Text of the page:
Teacher training with SPAC takes one year. We are careful to find women in the villages who are committed and whose heart is in the right place. Educational and general knowledge is gradually imparted through close support and tuition. In the satellite schools, they will go on to teach children about things that they themselves have only just learned. For women like Pascaline, who is from the pygmy people, the training phase presents a particular challenge. As a child, she attended first and second grade only sporadically and therefore speaks only her native language and the national language, Lingala. She cannot read or write but is so motivated that in the three months between the interview and her appointment she learned French so well that she can now hold a good conversation. She is learning to write alongside the children, and practices diligently in the afternoons. At this point, instructions and curriculum plans can only be given to her verbally, but anyone who learns this fast is certainly a shining example for the children and the community as a whole!
Spotlight on Lango – Preschool
Two worlds meet in Lango: the SPAC satellite school lies in the middle of a tract of national park that is hugely popular with forest elephants, making the journey to school somewhat perilous! One of our key aims is to spread the message that forest elephants are an endangered species and must be protected, thus requiring a balancing act between our educational mandate to encourage children to attend kindergarten despite such dangers and making sure that the wildlife is protected. The children’s fathers have managed this by clearing a ring around the school and removing all foliage since the elephants prefer to stay in the shelter of the trees and rarely come out into clearings. The biggest problem is that the villagers cannot plant any papayas, mangos, or bananas to nourish their children, because the fruit bushes would prove even more attractive to the elephants, meaning a danger to the population and the elephants themselves.
Spotlight on Club Odzala in Brazzaville
Congolese society places little value on voluntary work by young people that is aimed at sustainability. In everyday reality, subjects such as teamwork, consideration for others, putting yourself in others’ shoes, or working to preserve the natural environment have little traction. As such, encouraging young Congolese city-dwellers to live in an environmentally conscious way and motivating them to counteract ongoing and future damage to the environment requires a whole range of individual measures. Animals are not seen as sensitive beings; nature is not considered to be potentially finite or endangered. People are also neglectful towards themselves and pay little attention to hygiene, a good diet, or safety within the home. Adults may let toddlers chew on old batteries or give infants fried pieces of meat to eat.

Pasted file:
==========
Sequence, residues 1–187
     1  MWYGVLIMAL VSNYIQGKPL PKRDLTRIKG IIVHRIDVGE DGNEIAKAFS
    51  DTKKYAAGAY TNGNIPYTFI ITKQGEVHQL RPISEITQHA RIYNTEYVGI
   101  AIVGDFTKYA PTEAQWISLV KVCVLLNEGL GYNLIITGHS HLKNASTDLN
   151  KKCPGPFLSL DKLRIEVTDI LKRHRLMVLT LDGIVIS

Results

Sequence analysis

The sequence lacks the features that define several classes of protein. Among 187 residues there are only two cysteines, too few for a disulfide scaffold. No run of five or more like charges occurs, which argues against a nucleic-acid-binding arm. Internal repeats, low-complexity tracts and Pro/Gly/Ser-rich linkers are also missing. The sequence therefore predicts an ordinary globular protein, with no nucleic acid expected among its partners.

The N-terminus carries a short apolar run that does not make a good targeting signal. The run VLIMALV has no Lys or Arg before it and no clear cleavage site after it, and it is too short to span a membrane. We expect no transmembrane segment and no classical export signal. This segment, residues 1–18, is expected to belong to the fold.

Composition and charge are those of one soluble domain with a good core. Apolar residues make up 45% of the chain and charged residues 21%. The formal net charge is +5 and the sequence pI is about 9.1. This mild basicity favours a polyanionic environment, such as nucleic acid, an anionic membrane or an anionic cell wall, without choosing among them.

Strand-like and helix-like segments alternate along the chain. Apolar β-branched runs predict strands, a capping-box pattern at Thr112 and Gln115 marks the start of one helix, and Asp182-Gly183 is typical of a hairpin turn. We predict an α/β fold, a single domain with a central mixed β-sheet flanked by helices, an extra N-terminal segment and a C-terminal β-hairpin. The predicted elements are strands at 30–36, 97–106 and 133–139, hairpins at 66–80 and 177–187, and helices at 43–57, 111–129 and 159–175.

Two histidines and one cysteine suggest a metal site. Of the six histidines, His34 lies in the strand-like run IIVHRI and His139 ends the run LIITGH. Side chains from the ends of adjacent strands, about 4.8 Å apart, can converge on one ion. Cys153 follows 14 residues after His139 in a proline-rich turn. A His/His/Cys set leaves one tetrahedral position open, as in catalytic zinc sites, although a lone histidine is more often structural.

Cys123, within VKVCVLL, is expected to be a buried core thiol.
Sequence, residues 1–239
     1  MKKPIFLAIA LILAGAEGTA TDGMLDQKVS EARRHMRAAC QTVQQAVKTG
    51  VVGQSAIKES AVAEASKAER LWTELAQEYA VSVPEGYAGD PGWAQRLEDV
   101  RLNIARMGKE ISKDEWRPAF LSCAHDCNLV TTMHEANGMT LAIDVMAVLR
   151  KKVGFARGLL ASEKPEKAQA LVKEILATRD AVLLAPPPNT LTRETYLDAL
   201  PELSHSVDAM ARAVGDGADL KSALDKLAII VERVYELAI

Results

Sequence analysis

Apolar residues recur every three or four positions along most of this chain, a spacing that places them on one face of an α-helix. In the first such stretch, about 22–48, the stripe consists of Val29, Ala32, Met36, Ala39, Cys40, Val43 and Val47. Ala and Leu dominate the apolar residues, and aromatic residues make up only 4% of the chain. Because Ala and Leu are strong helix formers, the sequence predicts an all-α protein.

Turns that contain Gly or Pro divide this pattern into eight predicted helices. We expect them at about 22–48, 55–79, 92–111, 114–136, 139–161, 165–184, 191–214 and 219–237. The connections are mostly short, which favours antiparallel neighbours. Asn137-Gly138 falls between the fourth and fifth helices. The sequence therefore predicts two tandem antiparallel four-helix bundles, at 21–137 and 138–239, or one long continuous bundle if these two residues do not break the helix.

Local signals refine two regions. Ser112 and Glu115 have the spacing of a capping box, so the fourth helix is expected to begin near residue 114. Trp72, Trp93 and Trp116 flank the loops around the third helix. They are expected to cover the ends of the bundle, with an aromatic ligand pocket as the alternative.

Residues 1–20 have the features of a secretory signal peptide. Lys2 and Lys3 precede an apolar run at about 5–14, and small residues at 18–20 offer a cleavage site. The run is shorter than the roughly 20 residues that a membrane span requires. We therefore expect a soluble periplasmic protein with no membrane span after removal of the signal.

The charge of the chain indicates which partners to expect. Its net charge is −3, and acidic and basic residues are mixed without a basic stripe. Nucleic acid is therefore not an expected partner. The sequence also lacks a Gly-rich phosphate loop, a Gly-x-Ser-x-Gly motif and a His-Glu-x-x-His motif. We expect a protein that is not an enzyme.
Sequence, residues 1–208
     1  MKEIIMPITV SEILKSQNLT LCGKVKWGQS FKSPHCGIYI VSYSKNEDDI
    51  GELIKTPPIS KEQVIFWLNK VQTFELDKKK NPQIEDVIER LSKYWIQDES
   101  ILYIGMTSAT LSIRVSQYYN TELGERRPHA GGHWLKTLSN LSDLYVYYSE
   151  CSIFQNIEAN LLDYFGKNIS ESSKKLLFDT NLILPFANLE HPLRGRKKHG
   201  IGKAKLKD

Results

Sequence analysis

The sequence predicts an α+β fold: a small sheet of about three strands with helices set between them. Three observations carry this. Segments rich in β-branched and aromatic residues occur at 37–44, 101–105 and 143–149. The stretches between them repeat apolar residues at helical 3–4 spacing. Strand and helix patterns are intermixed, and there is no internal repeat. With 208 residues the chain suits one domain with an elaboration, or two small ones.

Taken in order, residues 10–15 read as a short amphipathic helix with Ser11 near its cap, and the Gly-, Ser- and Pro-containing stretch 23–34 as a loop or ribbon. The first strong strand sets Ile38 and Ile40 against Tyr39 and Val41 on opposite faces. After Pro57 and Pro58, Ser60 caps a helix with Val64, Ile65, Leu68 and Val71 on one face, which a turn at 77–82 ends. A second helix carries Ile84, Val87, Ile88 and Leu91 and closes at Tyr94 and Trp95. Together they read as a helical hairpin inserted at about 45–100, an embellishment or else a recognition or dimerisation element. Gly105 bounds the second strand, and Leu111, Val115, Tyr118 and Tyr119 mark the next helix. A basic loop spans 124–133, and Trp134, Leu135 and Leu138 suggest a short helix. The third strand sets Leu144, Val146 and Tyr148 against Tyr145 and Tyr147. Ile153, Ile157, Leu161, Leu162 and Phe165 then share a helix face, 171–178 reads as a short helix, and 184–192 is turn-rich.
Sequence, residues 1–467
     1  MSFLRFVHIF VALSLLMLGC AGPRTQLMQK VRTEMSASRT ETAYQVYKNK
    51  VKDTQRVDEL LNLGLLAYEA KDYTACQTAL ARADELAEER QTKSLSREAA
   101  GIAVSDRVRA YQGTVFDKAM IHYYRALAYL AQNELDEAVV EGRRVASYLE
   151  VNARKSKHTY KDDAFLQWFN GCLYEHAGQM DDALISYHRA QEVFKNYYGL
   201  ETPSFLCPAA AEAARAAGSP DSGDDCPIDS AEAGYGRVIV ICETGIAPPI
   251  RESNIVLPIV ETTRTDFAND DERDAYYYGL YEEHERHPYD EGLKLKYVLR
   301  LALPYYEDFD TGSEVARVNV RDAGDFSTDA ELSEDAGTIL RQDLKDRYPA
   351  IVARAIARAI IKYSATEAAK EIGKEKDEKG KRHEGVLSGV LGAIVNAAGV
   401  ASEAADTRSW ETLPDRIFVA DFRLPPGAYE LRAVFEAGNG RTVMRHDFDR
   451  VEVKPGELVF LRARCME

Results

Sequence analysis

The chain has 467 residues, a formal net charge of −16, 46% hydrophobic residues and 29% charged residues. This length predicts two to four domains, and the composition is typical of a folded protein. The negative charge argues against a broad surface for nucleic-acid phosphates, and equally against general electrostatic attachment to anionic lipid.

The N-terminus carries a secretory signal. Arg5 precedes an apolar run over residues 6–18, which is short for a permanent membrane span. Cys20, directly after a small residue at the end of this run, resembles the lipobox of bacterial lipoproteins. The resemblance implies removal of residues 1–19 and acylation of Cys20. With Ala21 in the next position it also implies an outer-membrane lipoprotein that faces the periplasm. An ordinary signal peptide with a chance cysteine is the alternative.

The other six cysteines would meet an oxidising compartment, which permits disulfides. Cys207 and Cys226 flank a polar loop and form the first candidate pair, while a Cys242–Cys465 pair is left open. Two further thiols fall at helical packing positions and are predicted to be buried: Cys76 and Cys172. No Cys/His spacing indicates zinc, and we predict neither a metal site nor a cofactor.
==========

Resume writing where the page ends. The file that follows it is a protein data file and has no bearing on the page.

How can we put this right?
By appealing to young people who long for change and are willing to work to achieve it, that’s how! Club Odzala in Brazzaville offers young people the opportunity to meet up regularly and to hone their powers of free thought, debating and philosophy in discussions about wildlife and environmental protection.
Pygmies and Bantus: One World, Two Peoples
Pygmies have a special social structure that is based on the immediate and wider family circle. However, the greatest value is placed on the individual, whose welfare and development is the paramount concern of the nuclear family. The exact opposite is true for the Bantus. Here, the individual is at the service of the extended family and the clan. Pygmy men and women have equal rights: women are just as likely to make important decisions or give orders as men. The cooking may be done by men or women, depending on what is needed at a given moment.
Astrid Schimmelpenninck Head of education and outreach